It surprises me greatly that nobody has posted about The Hobbit or Lord of the Rings as their examples of the Hero’s Journey. To me, no book or movie holds up as a better example, except maybe Harry Potter.
Let’s start with our Tolkien Heroes. In The Hobbit, this of course is Bilbo Baggins (And believe me, I am judging you harshly if you don’t already know this … (: ) and it LOTR, it is his nephew Frodo. They are hobbits, from the Shire, and seen by the rest of the creatures and man in Middle Earth as nonthreatening, if they even know what a hobbit is. In both of their journeys, however, they prove to be of great use or valiant character.
In The Hobbit, Bilbo is offered his call to adventure when the legendary wizard Gandalf shows up and asks him if he’d like to go on a quest. Bilbo quickly declines his offer and in a show of the endless kindness of hobbits, politely invites him over for tea. The call to adventure comes again the next day with a knock at his door – “Dwalin, at your service,” – followed by twelve more dwarves and Gandalf again, this time there to explain their quest as Bilbo scrambles to throw an unexpected dinner party. The next morning Bilbo wakes up to realize his party is gone, and runs out the door shouting to a passerby, “I’m going on an adventure.” Here we’ve gone through the call, the refusal, and even dabbled in supernatural aid.
In LOTR I find the finest example of crossing the threshold. Frodo, accompanied by Sam Gamgee, is attempting to meet Gandalf in Bree just outside of the Shire. In the movie, Sam stops in the middle of the wheat field, and tells Frodo that this is it; the farthest point he’s ever been. This moment marks the point that Sam and Frodo leave the comforts of home and are truly into the unknown.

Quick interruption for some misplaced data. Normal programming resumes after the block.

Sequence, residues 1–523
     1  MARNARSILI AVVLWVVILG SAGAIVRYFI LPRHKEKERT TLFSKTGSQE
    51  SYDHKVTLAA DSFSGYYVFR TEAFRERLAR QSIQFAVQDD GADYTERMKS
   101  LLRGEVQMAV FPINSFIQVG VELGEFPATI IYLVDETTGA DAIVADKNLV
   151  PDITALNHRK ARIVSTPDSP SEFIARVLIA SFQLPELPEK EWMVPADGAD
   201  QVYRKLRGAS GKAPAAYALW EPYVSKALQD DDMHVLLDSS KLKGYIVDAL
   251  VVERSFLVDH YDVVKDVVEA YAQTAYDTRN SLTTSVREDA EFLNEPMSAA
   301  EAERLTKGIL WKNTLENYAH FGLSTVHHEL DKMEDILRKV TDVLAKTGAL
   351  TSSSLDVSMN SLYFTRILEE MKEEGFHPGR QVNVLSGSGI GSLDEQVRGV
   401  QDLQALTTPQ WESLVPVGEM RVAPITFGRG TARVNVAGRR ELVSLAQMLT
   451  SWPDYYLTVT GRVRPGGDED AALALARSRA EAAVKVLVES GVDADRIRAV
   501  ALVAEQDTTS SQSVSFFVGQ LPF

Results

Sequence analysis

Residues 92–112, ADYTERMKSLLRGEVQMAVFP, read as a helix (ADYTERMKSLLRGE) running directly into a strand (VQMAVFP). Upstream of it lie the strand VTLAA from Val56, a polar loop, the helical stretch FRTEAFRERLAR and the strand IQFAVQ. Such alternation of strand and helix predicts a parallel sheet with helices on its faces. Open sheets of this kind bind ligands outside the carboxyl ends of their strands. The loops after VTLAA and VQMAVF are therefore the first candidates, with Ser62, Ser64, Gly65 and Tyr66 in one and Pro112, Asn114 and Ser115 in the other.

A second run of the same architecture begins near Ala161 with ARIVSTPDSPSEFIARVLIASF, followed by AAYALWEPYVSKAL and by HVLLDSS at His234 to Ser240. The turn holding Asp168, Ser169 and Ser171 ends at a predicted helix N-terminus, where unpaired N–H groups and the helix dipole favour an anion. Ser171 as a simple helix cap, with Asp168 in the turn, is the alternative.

I could write for hours making in depth comparisons of the novels/movies to The Hero’s Journey for Tolkien’s work but I’ll make things short and stick to just one novel, The Hobbit. Bilbo is forced to “prove” himself to his company, which is manages to partially do (all except for Thorin) after finding the ring in the cave with Gollum – his “belly of the whale” – and sneaking up on the party. His road of trials includes fighting goblins, having a riddle battle with Gollum to survive, the trolls, the spiders, and having the entire dwarven party be captured by the elves in Mirkwood – which Bilbo manages to save them from. There’s no temptress in the form of a woman in The Hobbit – but there is the ring, which proves in the later LOTR books to be exactly a temptress.
2. Most cinematic features today I believe wouldn’t serve the purpose defined by the four functions if simply because every movie today is a retelling of older stories – hence the new Hobbit movies coming out, the Marvel movies, and remaking a not yet outdated spiderman movie. These are stories we’re all comfortable with, and they’re remade to be simple and shallow. It’s hard to find a movie these days that is a true coming of age story that encourages the reader. There are exceptions to every rule, however, and some movies (even adaptions like The Book Thief,) fulfill the deeper need that human beings have traditionally filled with stories.